Date of trip – 26 January 2018
Participants – Bill Gee (trip leader)
Time in – 10:00am
Time out – 3:00pm
Areas visited – Carroll Passage, Convention Hall
This trip was the annual data logger collection trip. The goal was to download data from every data logger. The data from the logger is linked at the end of this post.
The trip was originally scheduled for January 12. Due to bad weather (snow-packed and icy roads), it was delayed one week to January 19, and then for the same reason to January 26. 14 people had signed up for the trip, but after delays it turns out only 4 were able to make it. That’s OK – We were able to move faster and see more of the sights than usual.
I drove down Friday night with my camper. As soon as I arrived and had the camper set up next to the silo, I changed the battery in the rain gauge logger. That requires connecting the logger to a laptop computer so it can be restarted. It only takes a few minutes. Even so, it blowing wind and cold weather it can be an adventure. There are two small screws that hold the logger together. They are very easy to lose when fingers are cold.
Saturday morning I got up early and walked around the property. There are six stakes in the ground with flagging tape on them to mark the corners of our two tracts. I was please to note that both of the power poles are on CCC property. I also walked down the fence line to the road to get an idea of what the access easement looks like. It is fairly passable except for the first 150 feet or so from the road. The vence line along the road is choked with trees that will have to be taken out. A culvert is required in the ditch, and there are some places that need to be either taken down or filled in. A skid-steer will be needed for this work.
Tyler Skaggs was the first to arrive, at about 8:30. He was expecting two friends from OHG. In the end they got lost and never found the silo. Seth and Kirsten arrived shortly after 9am. While we waited for Tyler’s friends, I helped Seth and Kirsten get into seat harnesses.
At about 9:45 we decided to go ahead without Tyler’s friends. Tyler was first down the shaft, followed by Seth, Kirsten and me. We were all in the cave by shortly after 10:00am.
After I downloaded the two loggers at the ladder, we left for the first leg. We went down Carroll Passage to the Rimstone Room. I downloaded the logger there, then we went on to look at the rimstone formations. Tyler has a new camera, so he took pictures of formations at several places. His camera did a surprisingly good job even though he has no slave flashes.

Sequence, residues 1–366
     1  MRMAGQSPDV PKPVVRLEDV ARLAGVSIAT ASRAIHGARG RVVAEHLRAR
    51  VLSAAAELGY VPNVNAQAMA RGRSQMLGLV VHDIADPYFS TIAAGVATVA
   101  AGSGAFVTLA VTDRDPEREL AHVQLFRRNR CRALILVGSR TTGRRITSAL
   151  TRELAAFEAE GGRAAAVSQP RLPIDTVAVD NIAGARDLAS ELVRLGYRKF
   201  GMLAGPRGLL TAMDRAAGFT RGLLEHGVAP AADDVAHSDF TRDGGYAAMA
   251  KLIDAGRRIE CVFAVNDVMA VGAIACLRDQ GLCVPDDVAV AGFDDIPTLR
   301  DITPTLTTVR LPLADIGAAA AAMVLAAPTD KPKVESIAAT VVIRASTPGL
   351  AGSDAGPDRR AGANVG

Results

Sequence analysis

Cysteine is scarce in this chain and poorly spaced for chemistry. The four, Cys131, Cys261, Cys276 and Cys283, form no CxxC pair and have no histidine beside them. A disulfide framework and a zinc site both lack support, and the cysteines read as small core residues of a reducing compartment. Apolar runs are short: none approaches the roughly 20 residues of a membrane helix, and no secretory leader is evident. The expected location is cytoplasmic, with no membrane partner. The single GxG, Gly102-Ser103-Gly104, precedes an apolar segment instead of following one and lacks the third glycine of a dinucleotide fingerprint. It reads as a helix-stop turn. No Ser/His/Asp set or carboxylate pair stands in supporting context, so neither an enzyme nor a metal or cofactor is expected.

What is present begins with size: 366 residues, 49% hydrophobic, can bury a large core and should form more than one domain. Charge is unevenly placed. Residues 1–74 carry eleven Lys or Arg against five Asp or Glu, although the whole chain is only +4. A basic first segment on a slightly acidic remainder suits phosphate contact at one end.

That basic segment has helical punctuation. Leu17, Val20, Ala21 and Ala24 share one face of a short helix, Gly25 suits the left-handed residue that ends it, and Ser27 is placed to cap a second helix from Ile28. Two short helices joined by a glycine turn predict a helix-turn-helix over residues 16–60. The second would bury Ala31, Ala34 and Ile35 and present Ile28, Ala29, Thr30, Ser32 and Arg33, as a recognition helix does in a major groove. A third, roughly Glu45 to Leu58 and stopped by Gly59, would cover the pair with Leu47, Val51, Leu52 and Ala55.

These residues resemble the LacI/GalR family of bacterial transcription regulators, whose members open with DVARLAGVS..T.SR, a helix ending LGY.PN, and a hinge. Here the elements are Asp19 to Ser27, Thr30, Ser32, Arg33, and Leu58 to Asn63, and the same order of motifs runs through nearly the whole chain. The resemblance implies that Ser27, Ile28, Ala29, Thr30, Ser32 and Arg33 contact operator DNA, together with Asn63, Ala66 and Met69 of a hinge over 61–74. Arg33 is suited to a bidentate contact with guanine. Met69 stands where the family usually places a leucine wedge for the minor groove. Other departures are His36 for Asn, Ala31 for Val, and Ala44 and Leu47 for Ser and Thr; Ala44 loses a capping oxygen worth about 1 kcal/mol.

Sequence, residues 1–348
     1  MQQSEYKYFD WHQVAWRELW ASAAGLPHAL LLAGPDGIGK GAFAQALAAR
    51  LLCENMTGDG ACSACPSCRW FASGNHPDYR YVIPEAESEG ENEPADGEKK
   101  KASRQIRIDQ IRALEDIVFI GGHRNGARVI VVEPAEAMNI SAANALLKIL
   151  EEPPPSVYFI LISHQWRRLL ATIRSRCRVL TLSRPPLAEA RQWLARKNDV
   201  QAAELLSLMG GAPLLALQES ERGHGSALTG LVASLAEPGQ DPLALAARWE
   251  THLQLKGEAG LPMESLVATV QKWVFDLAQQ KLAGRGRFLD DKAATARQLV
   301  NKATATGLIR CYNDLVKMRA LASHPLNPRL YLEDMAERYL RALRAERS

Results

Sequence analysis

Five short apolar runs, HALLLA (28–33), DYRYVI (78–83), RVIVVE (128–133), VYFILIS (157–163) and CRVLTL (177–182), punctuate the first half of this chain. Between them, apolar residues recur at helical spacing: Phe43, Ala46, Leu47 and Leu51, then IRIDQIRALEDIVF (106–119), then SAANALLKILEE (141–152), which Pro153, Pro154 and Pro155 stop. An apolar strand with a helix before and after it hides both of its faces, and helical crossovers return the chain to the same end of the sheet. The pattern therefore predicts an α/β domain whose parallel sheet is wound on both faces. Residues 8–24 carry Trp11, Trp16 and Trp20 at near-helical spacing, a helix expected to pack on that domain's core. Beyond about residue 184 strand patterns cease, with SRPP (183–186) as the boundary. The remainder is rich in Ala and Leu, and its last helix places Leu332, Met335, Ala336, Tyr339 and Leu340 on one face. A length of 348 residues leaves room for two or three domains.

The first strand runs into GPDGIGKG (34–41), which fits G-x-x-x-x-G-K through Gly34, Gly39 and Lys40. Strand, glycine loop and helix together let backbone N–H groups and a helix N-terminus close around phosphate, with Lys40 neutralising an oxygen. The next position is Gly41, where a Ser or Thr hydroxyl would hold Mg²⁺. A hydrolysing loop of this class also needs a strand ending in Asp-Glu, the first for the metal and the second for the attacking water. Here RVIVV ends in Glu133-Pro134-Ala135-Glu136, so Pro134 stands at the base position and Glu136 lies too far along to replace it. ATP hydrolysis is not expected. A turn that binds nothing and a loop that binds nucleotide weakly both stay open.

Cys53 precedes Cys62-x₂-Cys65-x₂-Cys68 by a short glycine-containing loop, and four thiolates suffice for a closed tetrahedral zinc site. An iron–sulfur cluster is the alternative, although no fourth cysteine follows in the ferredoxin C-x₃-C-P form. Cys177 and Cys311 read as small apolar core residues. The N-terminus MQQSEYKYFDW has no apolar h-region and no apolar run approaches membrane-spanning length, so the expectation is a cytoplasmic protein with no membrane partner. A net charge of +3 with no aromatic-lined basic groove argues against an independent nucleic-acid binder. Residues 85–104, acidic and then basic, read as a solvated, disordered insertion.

We were back at the ladder around 11:30. We had lunch, then left for the second leg up to UL2. Thunder River was running about 3 inches higher than normal. That is not enough to cause any problems travelling in the cave.
I kept a lookout for fish, but Tyler had the eagle eye. He saw four or five fish in Thunder River. We arrived at UL2 about 12:45. We saw another half-dozen fish in UL2, and one of them was among the biggest I have ever seen. It was a good 70mm long and really fat. After I downloaded the data logger, we went on to Convention Hall. A few minutes there while Tyler took some more pictures, then we started the return.
We stayed in the river all the way to Thunder Falls. I downloaded the data logger while the others walked up to the base of the falls.
Back at the ladder, we all geared up and climbed out. No one had any difficulty with the climb. We were all out of the cave by 3:00pm. Clean up, put away, lock the cave … By 3:30 we were ready to leave. I went on to Big Cavern Ranch near Dixon for more caving and survey. Tyler, Seth and Kirsten went on home.
The data collected over the full year shows only one major flood event at the end of February. There were other minor events, but none of them caused a rise of more than a couple of feet at the ladder. The ZIP file attached to this report contains all of the original HOBO files and comma-separated value files of the year’s data. The CSV files can be imported into a spreadsheet for analysis. I also included JPG files of all of the individual graphs and a PDF file that includes all of the graphs in one document.